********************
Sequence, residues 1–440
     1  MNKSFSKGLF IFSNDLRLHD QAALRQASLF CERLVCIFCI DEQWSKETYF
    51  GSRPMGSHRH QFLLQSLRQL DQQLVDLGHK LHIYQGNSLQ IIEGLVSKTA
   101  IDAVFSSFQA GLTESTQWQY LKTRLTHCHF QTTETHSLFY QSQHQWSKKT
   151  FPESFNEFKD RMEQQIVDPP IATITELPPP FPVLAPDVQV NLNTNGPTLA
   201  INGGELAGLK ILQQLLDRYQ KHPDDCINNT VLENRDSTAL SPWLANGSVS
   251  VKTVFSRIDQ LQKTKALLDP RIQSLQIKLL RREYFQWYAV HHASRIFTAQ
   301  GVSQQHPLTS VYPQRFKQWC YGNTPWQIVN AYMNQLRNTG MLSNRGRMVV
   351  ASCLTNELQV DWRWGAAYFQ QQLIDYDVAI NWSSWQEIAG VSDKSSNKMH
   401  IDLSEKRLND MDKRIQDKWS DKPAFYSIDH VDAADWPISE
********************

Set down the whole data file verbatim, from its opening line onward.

Sequence, residues 1–440
     1  MNKSFSKGLF IFSNDLRLHD QAALRQASLF CERLVCIFCI DEQWSKETYF
    51  GSRPMGSHRH QFLLQSLRQL DQQLVDLGHK LHIYQGNSLQ IIEGLVSKTA
   101  IDAVFSSFQA GLTESTQWQY LKTRLTHCHF QTTETHSLFY QSQHQWSKKT
   151  FPESFNEFKD RMEQQIVDPP IATITELPPP FPVLAPDVQV NLNTNGPTLA
   201  INGGELAGLK ILQQLLDRYQ KHPDDCINNT VLENRDSTAL SPWLANGSVS
   251  VKTVFSRIDQ LQKTKALLDP RIQSLQIKLL RREYFQWYAV HHASRIFTAQ
   301  GVSQQHPLTS VYPQRFKQWC YGNTPWQIVN AYMNQLRNTG MLSNRGRMVV
   351  ASCLTNELQV DWRWGAAYFQ QQLIDYDVAI NWSSWQEIAG VSDKSSNKMH
   401  IDLSEKRLND MDKRIQDKWS DKPAFYSIDH VDAADWPISE